China and the Butterfly Effect
F. WILLIAM ENGDAHL
Sometimes small victories or positive actions are almost as important as major international ones as they can give a new quality of impulse to many related developments, what physicists call the “butterfly effect.” To be more precise, a butterfly effect says that “a small change in one state of a deterministic nonlinear system can result in large differences in a later state,” or that small causes may have large effects. That’s tied to the reality that every part of our Cosmos is interconnected. Such, I believe, will be the “butterfly effect” of a recent decision by the government of China’s northeastern Heilongjiang Province (see image) that can give huge impetus to Russia-China trade and economic development and to events far beyond. It’s about building up good natural new structures.
On December 16, 2016, the Provincial Heilongjiang Legislature passed a total ban on the growing of Genetically Modified or GMO crops. The ban goes into effect on May 1, 2017, in some five months. Farmers in China’s Heilongjiang province, one of China’s top grain producing regions, will be prohibited from growing GMO crops, according to the provincial regulation just passed. According to the new law, the ban will be on growing of GMO corn, rice and soybeans. Further, illegal production and sales of GMO crops and supply of their seeds will also be prohibited, as will be illegal production, processing, sale and imports of edible GMO farm produce or edible farm products that contain GMO ingredients. Any GMO food can only be sold in a special zone, clearly indicated in stores as GMO food products, a variation on labelling.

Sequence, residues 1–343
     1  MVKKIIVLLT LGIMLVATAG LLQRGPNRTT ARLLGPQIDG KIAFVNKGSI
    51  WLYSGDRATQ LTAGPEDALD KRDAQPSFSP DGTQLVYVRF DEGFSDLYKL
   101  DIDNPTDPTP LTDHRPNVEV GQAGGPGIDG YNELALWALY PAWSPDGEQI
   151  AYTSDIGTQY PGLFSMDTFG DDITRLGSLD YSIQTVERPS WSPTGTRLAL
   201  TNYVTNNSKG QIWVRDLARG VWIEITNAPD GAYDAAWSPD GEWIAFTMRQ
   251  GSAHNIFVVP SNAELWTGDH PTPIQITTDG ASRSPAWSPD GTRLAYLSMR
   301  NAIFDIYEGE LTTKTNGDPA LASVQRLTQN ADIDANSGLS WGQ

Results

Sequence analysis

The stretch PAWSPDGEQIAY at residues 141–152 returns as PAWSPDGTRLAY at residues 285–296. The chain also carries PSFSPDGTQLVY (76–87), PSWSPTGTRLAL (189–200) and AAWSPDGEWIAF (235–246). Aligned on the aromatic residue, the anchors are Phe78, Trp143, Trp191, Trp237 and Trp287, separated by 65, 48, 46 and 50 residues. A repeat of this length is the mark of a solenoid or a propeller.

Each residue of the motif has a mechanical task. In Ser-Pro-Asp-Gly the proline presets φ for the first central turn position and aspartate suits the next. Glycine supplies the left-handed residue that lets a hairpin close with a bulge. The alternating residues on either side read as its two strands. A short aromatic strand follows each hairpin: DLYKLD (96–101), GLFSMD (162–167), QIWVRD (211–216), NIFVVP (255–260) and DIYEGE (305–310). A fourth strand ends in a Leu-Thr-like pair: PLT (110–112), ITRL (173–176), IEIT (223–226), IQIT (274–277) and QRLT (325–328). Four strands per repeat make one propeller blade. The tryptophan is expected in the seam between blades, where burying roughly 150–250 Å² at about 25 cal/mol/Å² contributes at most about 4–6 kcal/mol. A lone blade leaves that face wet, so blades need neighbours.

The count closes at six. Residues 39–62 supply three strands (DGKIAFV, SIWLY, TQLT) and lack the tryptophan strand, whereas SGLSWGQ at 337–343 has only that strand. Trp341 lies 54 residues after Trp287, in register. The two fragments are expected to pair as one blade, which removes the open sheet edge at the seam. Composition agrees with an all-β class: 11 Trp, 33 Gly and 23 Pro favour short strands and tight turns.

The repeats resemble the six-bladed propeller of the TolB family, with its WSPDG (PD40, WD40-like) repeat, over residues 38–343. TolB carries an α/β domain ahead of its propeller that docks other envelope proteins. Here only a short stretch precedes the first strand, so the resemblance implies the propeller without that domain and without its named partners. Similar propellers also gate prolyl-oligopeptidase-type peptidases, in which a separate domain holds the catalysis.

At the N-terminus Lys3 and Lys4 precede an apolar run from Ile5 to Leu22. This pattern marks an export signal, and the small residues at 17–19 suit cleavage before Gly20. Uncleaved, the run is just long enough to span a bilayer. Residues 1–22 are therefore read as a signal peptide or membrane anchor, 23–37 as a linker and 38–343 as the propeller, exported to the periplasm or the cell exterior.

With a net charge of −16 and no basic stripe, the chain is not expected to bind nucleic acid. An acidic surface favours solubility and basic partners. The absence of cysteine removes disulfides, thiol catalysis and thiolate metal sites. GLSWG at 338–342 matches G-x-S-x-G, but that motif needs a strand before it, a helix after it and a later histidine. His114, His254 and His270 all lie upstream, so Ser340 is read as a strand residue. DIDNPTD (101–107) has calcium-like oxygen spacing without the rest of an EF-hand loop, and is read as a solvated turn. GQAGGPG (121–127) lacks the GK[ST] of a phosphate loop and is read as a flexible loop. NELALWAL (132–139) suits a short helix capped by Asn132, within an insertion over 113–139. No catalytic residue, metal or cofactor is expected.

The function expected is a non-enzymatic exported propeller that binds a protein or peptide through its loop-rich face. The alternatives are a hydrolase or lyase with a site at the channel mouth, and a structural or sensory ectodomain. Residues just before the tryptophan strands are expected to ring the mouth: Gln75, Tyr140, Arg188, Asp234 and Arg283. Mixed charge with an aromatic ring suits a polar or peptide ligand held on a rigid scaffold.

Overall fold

Illegal GMO Soybeans
The legislature acted after a broad survey of the provincial population in October revealed that more than 91% of the population objected to the cultivation of GMO crops. The official ban follows discovery this past September that some 10% of Heilongjiang soybean farmers were illegally planting smuggled GMO soybean seeds despite the fact that the Beijing national government still bans planting of GMO commercial crops, allowing so far only controlled research to be done on GMO “biotechnology.” The farmers had been told, wrongly, that GMO seeds would increase their harvest yields. Farmers found guilty of growing illegal GMO crops face a fine of up to 200,000 yuan or $31,480. In China, owing to a US-promoted loophole in ban on GMO, GMO soybeans as animal feed are allowed in China. Some 60% of all soybeans consumed in China is, as a result of that unfortunate loophole, today GMO. Monsanto and other Western GMO purveyors promote their GMO seeds at agriculture fairs and farmers can buy the seeds online, even though planting is illegal.
In August the giant Chinese state chemicals group, ChemChina made a staggering $43 billion bid to acquire the Swiss GMO seeds and agrochemicals group, Syngenta. Recently Chinese President Xi Jinping and his Prime Minister have given very positive statements about the potential of GMO and biotechnology to contribute to the push to make China a high-tech economic actor. The latest decision of the people and legislature in Heilongjiang sends a clear signal opposing that Beijing strategy.
Russia and Heilongjiang
The butterfly effect of the Heilongjiang ban on GMO crops will definitely affect future agriculture relations between China and neighboring Russia. Heilongjiang Province has the longest common border with Russia of any province, the two countries’ boundary demarcated by the Amur River. Earlier this year, the Russian Federation’s Duma approved, and President Putin signed a law banning all commercial cultivation of GMO crops in the Russian Federation. The Heilongjiang ban potentially can open up Sino-Russian grain trade on a GMO-free basis, creating new synergies.